Just the thought of our dogs suffering silently from hidden pain breaks the heart of any dog parent.
Sadly, research shows that 80% of dogs over the age of 8 are suffering from some kind of joint pain. And while we humans are able to reach for pain medications and talk to our doctors about symptoms, our precious pups cannot. In fact, dogs are quite good at keeping their joint pain a secret.
Why do dogs hide signs of pain? As pack animals, not showing their suffering has clear survival benefits. The ancestors of modern dogs would commonly leave behind a member of the pack who was in pain and slowing down the whole group. As a result, dogs have learned to hide their pain very well. Fortunately, there are some subtle signs we can look out for:
Top 6 Signs of Canine Joint Pain
#1 – Weight Gain: Obesity is often an indirect sign of joint pain, as dogs become less active due to the pain.
#2 – Difficulty in getting up to greet you: This is one of the most often cited signals. If your dog usually jumps up to greet you or visitors when they first walk in the door, but suddenly stops this behavior, there may be something wrong.
#3 – Limping: Often arthritic dogs experience limping right after getting up from lying down. The limp may not last for long and might only occur a few moments after getting up.
#4 – Decreased energy: If your dog’s overall energy has taken a turn for the worse, they may be feeling the pains of inflamed joints.
#5 – Irritability: If your dog has become irritable for no apparent reason, they may be suffering from a hidden pain of some kind.
#6 – Increased licking, biting, or chewing: Pay attention to where your dog is licking or grooming themselves. Excessive or unusual attention in one area of the body might be a result of joint pain.
If you have not yet noticed any signs of joint pain, you’re very lucky, as most dogs will be affected by the condition at some point in their lives. The best time to act is before symptoms are present.
In general, the larger the breed of dog, the more likely they are to suffer from joint pain, and the earlier you need to start preventative measures.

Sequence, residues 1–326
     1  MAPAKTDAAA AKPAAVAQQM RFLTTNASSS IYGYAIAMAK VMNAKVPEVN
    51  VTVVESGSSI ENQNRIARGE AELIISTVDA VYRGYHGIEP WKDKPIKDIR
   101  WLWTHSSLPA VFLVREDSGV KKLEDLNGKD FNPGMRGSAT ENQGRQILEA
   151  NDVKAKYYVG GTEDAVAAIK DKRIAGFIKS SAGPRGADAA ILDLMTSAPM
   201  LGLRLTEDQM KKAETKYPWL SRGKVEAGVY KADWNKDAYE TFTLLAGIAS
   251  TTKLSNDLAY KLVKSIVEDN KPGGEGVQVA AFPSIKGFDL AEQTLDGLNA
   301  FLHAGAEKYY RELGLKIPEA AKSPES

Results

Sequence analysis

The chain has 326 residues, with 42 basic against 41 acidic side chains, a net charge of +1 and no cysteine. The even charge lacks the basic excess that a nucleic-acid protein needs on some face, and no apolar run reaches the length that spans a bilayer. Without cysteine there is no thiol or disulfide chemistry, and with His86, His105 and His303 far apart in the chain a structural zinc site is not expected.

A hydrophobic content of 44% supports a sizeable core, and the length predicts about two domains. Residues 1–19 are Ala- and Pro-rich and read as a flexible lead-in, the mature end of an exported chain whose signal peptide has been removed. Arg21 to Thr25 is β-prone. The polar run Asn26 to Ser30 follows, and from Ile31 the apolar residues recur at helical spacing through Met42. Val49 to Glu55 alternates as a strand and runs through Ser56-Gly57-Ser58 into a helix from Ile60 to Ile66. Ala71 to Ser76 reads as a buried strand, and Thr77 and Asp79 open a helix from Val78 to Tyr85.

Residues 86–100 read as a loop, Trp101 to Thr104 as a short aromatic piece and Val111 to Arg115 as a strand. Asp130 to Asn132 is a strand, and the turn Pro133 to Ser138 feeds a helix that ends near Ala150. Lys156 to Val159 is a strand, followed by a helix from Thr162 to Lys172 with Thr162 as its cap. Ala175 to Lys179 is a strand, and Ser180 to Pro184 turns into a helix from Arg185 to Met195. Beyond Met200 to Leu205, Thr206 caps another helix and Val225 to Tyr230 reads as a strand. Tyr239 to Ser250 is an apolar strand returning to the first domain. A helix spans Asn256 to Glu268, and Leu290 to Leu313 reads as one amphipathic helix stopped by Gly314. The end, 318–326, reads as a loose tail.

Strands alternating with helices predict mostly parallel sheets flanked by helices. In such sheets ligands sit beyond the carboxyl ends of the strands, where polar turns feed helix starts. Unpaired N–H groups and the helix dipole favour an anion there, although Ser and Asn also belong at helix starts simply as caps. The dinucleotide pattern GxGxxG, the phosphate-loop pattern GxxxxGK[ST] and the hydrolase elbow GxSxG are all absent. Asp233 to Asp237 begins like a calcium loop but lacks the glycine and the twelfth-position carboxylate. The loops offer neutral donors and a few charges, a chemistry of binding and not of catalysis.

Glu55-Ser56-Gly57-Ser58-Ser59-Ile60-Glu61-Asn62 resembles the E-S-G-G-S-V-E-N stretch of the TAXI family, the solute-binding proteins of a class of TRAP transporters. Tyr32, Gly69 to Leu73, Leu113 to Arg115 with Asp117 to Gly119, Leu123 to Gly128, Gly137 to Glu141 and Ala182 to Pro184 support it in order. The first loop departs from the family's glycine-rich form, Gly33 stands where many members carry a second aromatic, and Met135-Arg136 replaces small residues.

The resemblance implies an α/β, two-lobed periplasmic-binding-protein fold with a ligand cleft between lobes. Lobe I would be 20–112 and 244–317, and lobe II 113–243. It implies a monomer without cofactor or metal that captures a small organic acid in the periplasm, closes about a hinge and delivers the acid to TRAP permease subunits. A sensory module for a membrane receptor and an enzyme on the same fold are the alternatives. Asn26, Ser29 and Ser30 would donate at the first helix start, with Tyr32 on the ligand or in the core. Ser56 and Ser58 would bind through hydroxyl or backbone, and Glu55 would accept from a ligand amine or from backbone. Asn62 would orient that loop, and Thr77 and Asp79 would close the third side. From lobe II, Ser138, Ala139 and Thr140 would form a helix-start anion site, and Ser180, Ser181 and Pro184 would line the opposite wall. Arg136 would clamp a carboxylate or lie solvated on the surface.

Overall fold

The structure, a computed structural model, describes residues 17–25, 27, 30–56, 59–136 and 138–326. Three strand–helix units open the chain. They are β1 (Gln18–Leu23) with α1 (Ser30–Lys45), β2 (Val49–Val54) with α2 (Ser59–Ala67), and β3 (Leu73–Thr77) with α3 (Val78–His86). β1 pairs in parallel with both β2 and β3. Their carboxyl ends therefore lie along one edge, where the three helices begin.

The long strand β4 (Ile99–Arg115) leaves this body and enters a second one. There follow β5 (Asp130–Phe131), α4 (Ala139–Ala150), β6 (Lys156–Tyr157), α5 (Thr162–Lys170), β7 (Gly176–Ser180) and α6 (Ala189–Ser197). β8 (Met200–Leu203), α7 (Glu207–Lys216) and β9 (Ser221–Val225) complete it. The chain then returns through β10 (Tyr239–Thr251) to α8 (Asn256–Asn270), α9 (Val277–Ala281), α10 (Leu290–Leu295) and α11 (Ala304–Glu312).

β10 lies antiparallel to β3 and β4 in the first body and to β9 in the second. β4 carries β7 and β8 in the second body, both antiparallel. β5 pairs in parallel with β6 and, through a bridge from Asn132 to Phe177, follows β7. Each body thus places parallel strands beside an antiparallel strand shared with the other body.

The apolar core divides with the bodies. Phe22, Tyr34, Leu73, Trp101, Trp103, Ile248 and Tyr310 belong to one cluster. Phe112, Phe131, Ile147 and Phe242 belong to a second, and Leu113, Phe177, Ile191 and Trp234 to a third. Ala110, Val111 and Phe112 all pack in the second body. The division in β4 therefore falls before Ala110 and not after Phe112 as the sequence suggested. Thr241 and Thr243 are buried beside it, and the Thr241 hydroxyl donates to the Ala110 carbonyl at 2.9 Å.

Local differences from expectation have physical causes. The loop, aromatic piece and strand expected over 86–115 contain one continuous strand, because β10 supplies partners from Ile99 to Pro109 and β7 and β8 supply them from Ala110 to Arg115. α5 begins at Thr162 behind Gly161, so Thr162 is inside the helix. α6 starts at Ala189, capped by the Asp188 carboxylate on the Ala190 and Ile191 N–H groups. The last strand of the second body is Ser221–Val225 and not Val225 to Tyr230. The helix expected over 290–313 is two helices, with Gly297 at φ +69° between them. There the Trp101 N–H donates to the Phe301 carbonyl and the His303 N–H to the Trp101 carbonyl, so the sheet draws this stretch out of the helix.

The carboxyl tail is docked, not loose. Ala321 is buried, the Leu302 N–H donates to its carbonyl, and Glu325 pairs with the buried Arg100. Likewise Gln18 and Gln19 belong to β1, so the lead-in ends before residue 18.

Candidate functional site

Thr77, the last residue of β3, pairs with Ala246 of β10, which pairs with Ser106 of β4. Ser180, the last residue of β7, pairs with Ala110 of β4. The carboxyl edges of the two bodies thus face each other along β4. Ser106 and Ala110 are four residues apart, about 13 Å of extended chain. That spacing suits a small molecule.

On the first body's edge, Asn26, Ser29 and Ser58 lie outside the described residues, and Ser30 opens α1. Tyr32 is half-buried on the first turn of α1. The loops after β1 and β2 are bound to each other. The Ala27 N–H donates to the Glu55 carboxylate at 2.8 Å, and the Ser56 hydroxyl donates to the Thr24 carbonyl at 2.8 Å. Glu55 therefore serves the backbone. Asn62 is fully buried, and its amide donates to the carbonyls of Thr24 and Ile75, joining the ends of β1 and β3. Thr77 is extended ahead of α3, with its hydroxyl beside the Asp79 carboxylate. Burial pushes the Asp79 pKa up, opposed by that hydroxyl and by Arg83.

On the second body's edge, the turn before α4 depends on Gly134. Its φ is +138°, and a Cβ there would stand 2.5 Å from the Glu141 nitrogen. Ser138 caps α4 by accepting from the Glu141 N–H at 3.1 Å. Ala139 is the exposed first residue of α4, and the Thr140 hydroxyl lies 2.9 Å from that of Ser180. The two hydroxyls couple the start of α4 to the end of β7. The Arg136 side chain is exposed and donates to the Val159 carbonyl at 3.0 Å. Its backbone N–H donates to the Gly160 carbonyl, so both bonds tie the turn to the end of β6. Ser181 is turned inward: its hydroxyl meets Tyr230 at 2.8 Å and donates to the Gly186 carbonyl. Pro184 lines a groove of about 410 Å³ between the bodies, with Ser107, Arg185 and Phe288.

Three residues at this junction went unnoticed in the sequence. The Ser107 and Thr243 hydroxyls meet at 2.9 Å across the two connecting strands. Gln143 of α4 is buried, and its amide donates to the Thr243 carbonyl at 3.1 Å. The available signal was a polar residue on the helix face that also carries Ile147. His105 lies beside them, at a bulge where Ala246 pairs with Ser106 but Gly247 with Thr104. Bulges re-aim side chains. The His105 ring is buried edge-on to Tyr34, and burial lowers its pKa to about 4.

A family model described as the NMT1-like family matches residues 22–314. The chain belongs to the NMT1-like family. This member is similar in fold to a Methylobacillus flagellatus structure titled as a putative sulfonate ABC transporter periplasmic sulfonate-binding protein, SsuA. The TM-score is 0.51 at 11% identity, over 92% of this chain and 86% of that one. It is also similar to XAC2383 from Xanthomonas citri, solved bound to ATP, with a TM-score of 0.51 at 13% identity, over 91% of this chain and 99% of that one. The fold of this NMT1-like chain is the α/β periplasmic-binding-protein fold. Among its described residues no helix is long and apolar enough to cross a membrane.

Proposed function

What are the top strategies for mitigating canine joint pain?
#1 – Maintain a healthy weight: Make sure you know the healthy weight of your dog. All those treats and table scraps can add up to a lot of calories!
#2 – Consistent exercise: Different breeds need different levels of exercise. Low impact, consistent walks are good for both your dog and yourself. Swimming is a great option for dogs with severe mobility issues.
#3 – Massages: For dogs already suffering from joint issues, a massage can go a long way to help relieve tension and increase flexibility. Just make sure you pay attention your dog’s responses and notice which areas might be sensitive to the touch.
#4 – Comfortable bedding: Do not skimp on your dog’s bed! Make sure they have adequate padding for their weight and replace when worn out. Better yet, let them sleep with you!
#5 – Supplementation: Many veterinarians recommend supplementing with a high-quality Glucosamine, MSM, and Chondroitin supplement. In recent years, Omega-3s has also become a popular ingredient for joint support. (VetWELL‘s recently released WellSyn Joint Support contains all four ingredients).
When Should I Begin Using a Joint Care Supplement?
The larger the breed of dog you have, the earlier you should consider supplementation. The following breeds in no particular order are prone to more severe joint problems. Many veterinarians recommend supplementation for these breeds as early as 3 years old.
- German Shepherds
- Golden Retrievers
- Labrador Retrievers
- Great Danes
Joint pain is an absolutely terrible thing to observe in our dogs. Talk to your vet and come up with a plan. If supplementation is right for your dog, we encourage you to try our WellSyn Joint Support Supplement for Dogs. We believe it to be the best product on the market.
These statements have not been evaluated by the Food and Drug Administration. This product is not intended to diagnose, treat, cure, or prevent any disease. The information on this website is not intended to replace a one-on-one relationship with a qualified health care professional.